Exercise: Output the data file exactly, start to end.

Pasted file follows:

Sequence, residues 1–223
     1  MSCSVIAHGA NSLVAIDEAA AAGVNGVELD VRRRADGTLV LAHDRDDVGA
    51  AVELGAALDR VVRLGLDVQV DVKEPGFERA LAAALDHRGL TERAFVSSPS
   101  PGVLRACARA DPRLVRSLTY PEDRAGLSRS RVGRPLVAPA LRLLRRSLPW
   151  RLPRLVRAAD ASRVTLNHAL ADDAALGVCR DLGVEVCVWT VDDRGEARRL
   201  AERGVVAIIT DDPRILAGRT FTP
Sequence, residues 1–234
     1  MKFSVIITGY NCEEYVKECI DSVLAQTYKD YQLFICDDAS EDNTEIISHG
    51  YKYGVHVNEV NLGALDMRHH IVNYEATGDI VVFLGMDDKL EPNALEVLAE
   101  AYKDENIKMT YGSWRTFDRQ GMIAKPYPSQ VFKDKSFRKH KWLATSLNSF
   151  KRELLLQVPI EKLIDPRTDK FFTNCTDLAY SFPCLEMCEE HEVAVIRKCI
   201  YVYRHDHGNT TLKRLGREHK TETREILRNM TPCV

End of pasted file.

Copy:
Sequence, residues 1–223
     1  MSCSVIAHGA NSLVAIDEAA AAGVNGVELD VRRRADGTLV LAHDRDDVGA
    51  AVELGAALDR VVRLGLDVQV DVKEPGFERA LAAALDHRGL TERAFVSSPS
   101  PGVLRACARA DPRLVRSLTY PEDRAGLSRS RVGRPLVAPA LRLLRRSLPW
   151  RLPRLVRAAD ASRVTLNHAL ADDAALGVCR DLGVEVCVWT VDDRGEARRL
   201  AERGVVAIIT DDPRILAGRT FTP
Sequence, residues 1–234
     1  MKFSVIITGY NCEEYVKECI DSVLAQTYKD YQLFICDDAS EDNTEIISHG
    51  YKYGVHVNEV NLGALDMRHH IVNYEATGDI VVFLGMDDKL EPNALEVLAE
   101  AYKDENIKMT YGSWRTFDRQ GMIAKPYPSQ VFKDKSFRKH KWLATSLNSF
   151  KRELLLQVPI EKLIDPRTDK FFTNCTDLAY SFPCLEMCEE HEVAVIRKCI
   201  YVYRHDHGNT TLKRLGREHK TETREILRNM TPCV